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small fortificationfortification,
system of defense structures for protection from enemy attacks. Fortification developed along two general lines: permanent sites built in peacetime, and emplacements and obstacles hastily constructed in the field in time of war.
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, usually temporary, serving as a post for a small garrison. Blockhouses seem to have come into use in the 15th cent. to prevent access to a strategically important objective such as a bridge, a ford, or a pass. Later the term was broadened to include all detached and isolated small forts, especially those in country just captured from an enemy. The typical blockhouse was of two stories, with an overhanging second story and loopholes on all sides for gunfire. In the North American colonies, blockhouses were used in frontier communities as protection against Native American attacks; they were built of timber or stone (in New England) or of logs banked with earth (in the South and West). The frontier blockhouses were frequently surrounded by palisades and thus were technically stockaded forts. The principal use of blockhouses in present-day military fortification is in defending isolated units against small-arms fire. See pillboxpillbox,
small, low fortification that houses machine guns and antitank weapons. Similar to a blockhouse, it is usually made of concrete, steel, logs, or filled sandbags. Pillboxes came into use during the early 20th cent.
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a defensive structure adapted for all-around machine gun, and sometimes artillery, fire. A blockhouse may be made of wood, stone, concrete, or steel, sometimes with armor, and has living quarters for a garrison. Blockhouses were widely used in the Anglo-Boer War of 1899–1902 and in World Wars I and II, especially to cover railroad bridges, for defense of cities, in forested swamp areas, on mountain passes, and in systems of permanent fortification.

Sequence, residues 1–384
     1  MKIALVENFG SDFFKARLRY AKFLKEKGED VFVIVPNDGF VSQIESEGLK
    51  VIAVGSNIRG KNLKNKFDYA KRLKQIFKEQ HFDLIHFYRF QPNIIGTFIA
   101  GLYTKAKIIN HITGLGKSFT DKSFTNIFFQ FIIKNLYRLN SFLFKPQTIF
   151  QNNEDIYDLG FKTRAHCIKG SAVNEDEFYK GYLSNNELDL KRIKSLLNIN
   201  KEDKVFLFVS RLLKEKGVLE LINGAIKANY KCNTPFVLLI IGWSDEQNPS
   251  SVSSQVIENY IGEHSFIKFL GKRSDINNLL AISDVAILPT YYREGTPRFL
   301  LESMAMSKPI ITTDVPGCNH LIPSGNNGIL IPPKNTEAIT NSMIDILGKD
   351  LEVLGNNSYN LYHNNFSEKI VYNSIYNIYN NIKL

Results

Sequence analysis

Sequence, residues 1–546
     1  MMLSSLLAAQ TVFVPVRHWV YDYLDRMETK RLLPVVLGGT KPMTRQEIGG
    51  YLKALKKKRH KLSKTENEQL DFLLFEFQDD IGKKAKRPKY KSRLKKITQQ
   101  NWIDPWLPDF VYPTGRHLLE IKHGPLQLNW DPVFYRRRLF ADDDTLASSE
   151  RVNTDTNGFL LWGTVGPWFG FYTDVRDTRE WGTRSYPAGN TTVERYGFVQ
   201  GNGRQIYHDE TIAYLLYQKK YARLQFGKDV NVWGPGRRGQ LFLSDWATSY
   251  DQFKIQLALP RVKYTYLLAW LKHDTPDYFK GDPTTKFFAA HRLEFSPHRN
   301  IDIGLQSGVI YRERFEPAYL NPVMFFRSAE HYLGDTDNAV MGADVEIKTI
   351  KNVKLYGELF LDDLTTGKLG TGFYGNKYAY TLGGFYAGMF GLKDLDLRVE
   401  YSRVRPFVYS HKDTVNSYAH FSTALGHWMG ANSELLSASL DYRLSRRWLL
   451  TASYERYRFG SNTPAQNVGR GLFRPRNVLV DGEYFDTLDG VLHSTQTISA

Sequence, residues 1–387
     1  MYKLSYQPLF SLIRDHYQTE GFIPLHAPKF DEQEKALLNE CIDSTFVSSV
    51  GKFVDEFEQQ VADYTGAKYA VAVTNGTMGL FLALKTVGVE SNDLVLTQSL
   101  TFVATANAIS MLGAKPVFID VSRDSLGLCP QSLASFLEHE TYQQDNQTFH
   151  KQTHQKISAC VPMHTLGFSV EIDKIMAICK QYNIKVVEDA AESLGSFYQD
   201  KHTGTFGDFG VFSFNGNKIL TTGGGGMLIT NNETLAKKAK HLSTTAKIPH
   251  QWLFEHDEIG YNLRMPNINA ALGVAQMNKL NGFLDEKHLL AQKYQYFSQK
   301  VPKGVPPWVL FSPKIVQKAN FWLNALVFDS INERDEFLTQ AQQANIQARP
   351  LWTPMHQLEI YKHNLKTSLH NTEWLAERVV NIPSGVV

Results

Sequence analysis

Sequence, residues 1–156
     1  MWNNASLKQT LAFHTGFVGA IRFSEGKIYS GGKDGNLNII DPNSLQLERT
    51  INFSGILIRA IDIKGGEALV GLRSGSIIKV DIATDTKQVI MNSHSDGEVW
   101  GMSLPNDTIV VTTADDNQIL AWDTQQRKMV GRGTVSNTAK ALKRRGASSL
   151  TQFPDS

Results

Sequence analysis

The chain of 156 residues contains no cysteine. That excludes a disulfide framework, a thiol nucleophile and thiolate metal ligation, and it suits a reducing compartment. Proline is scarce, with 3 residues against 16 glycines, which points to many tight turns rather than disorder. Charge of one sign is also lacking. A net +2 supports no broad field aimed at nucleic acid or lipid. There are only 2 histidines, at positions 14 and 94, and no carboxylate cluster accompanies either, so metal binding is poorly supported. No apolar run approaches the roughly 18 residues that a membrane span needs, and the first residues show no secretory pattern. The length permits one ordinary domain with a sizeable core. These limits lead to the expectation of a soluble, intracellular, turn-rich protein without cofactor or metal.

A reinforced concrete structure, often built underground or half-underground, and sometimes dome-shaped, to provide protection against blast, heat, or explosion during rocket launchings or related activities, and usually housing electronic equipment used in launching the rocket.
The activity that goes on in such a structure.


1. A fortified structure used to furnish protection against enemy attack in frontier areas, usually at a location of strategic importance; often square or polygonal in plan; typically constructed of hewn timbers having dovetailed notches at the corners to provide strong rigid joints; commonly, an overhanging upper story; often masonry walls on the ground story with log construction above, or entirely of log construction; frequently, a pyramidal roof; usually a few small windows with heavy shutters; loophole openings through the walls permit the firing of guns over a wide range of angles.
2. A reinforced concrete structure that provides shelter against the hazards of heat, blast, or nuclear radiation.